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Land market

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University of Toronto St. George
Peter Tomlinson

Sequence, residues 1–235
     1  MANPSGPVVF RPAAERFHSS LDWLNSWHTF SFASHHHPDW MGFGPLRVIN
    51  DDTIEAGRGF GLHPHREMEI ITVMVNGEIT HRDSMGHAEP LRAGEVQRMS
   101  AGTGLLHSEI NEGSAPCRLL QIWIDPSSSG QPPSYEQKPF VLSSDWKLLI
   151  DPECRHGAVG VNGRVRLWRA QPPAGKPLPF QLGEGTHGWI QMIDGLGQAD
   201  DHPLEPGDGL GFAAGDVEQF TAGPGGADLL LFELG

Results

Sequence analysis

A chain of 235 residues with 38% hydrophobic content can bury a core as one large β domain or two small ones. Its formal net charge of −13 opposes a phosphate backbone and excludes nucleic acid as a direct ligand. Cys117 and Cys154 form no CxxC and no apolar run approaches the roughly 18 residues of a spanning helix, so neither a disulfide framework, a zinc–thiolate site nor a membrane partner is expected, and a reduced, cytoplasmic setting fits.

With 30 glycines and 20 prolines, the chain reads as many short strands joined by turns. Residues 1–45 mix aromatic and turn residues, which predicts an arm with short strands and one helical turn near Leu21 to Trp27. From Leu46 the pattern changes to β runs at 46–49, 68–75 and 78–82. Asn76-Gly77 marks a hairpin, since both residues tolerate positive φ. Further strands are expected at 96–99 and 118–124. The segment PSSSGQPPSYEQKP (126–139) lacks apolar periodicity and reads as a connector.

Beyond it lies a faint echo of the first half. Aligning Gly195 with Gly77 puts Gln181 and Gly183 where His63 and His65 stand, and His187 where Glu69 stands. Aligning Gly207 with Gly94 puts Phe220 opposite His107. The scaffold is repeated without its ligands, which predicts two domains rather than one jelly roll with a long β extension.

Introductory Notes on Rectangular Land Market Model May, 2010 These notes elaborate on a land-market model presented in OSullivans textbook Urban Economics. Building on the textbooks analysis, our focus will be on these key questions: What is the impact on land rents if an endoge1ous output price replaces the textbooks exogenous output price? What is the impact on land rents and output price if the land supply is expanded or contracted? The rectangular model is introduced in the sectthn Bid-Rent Curves for tth Manufacturing Sector (pages 122-124, 7 edition, or 102-104, 6 edition). In that sections Figure 6-1, we see an equilibrium bid rent curve (= bid rent function, abbreviated here as BRF). The BRF shows zero-economic-profit land rents for manufacturing firms as a function of distance (x) from a highway. The zero-economic-profit condition is met when firms earn only the profit required to stay in business. The textbook discussion continues in A General Equilibrium Model of a Monocentric City (pages 192-194, 7 thedition, or 157-160, 6 edition). In Figure 7A-3 we again see an equilibrium BRF for manufacturing firms now labelled R b. (the b being for businesses that manufacture a product). Figure 7A-3 includes residential land as well as manufacturing and agricultural land, but the discussion in these introductory notes will be limited to manufacturing and agriculture. Thus Figure 7A-3s bid rent functions labelled R r (initialr (streetcar)be disregarded for now. They are considered, along with the upper-right (labour market) diagram, in separate notes entitled The General Equilibrium Rectangular City Model. 2 In the lower part of Figure 7A-3 we see the manufacturing land area (marked D), with its western boundary formed by a highway 3 1An endogenous is determined in the model; an exogenous price is given from outside the model. 2A land market could function without residential land if firms provide their employees with living accommodation at the job site. 3 As illustrated in Figure 7A-3, this western boundary is labelled the centre, but we will assume here it is a north-south highway as in Figure 6-1. The lower part of Figure 7A-3 shows a land- market map (the land market as viewed from above). As has been noted, the area marked D (demand for labour) is land occupied by manufacturing firms firms that generate demand for labour. The area S (supply of labour) is land occupied by housing firms (firms housing residents Some manufacturing firms are located directly on the highway, and so have zero freight cost to access the highway. Others ship their product to the highway from interior locations, along local roads. Freight cost is defined here as the cost to reach the highway along local roads. These roads run east and west, so distance from the highway (x) is measured to the east. The model includes a variable called non-land production cost (NLPC), which is the same for all firms regardless of location Included in this variable is the cost of freight incurred after a firms vehicles have accessed the highway an equal amount for all firms whether located at x = 0 or an interior location. The rectangular land market has northern and southern boundaries, shown as lines perpendicular to the highway. In the textbooks Fig. 7A-3 they are assumed to be 1 mile apart. However, in these notes we will let the rectangular land markets north-south dimension be an exogenous variable y (in kilometres). We will assume that northern and southern boundaries are imposed on the market by zoning regulations. Zoning regulations specify which land uses are legal at various locations. We will assume that manufacturing is legal only between the northern and southern boundaries, and only east of the highway. Thus manufacturing land is limited to the rectangular area bounded by the highway along its western edge, and bounded by zoning lines along its the northern and southern edges. 4 Agriculture is legal not only in the rectangular area but everywhere else in the model as well. Agriculture is assumed to be the only legal land use outside northern and southern zoning boundaries, and the only legal land use on the other side of the highway. With the upper left part of Figure 7A-3 modified to delete residential bid rent functions, we are left with just two bid rent functions: manufacturing BRF (R ) b and agricultural BRF (R ). a , tha zero-economic-profit BRF for farms, is horizontal reflecting an assumption that farm costs do not vary with location. who supply labour); this residential land area is ignored in these introductory notes, so manufacturing land will abut agricultural land. Agricultural land is marked A in Figure 7A-3. In the textbook, distance x from the western boundary is in miles. Miles are replaced with kilometres in these notes to simplify calculations combining area and linear measurement. 4 Using zoning boundaries to confine manufacturing land to a permitted zone allows the land supply at each x to be expanded or contracted: the local town or city council can widen or narrow the zone by amending its zoning law, making y a policy variable. The impact of changes to y will be considered later in these notes. The manufacturing land supplys eastern boundary is not specified by zoning but is determined in the land market. The eastern boundary of manufacturing land is where manufacturing firms freight cost has increased to the point they can no longer outbid farms for land, 2 The intersection of R and R is at x kilometres from the highway. Figure 1 (at b a a 5 the end of these notes) shows the bid rent functions and map diagram. The manufacturing BRF shown in Figure 6-1 has an equation R(x) = $60 10x. This is evident from the straight-line BRFs intercept on the $ axis (where x = 0) at $60/hectare/day, and its intercept on the x-axis (Where R = 0) at x = 6. More generally, the manufacturing BRF equation is derived from a firms zero- economic-profit equilibrium condition: total revenue = total cost, where total cost includes the profit required to stay in business: 6 P b = NLPC + LR(x) + t b x. so R(x) = (P b NLPC t b x) / L. [Equation (1)] Total revenue Pb is price times output (a firms output is assumed fixed at b units per day); NLPC is a firms non-land production cost: a fixed amount per day that includes labour and capital costs, cost of freight after accessing the highway, intermediate inputs (such as tires) and profit required to stay in business; L is a firms land input, assumed to be a fixed area of land in hectares. R (x) is equilibrium land rent per hectare per day, as a function of x, so L R(x) is a firms equilibrium land cost as a function of x; t is a firms freight cost per unit output per kilometre distance from the highway. Thus t b x is freight cost per day for a firm x kilometres from the highway. The numbers in the textbooks example are as follows: P is fixed exogenously at $50 per bicycle, b at 5 bicycles per day, so a firms total revenue = $250 per day at all locations; NLPC is $130 / day so a firms non-land production cost is $130 / day at all locations; L = 2 hectares, a fixed land input per firm at all locations; t = $4 / unit output / kilometre so $4 (5) x is a firms freight cost per day. Substituting these numbers into Equation (1) gives us: R (x) = (250 130 20x) / 2 = 60 10x. 5Figure citations with no dash, for example Figure 1, refer to diagrams at the end of these notes. Citations with a dash, for example Figure 6-1, refer to diagrams in the textbook. 6Profit required to stay in business is included in the NLPC variable discussed above. Economic profit is profit in excess of profit required to stay in business. Our model here being perfectly competitive, economic profit exists only in temporary disequilibrium. 3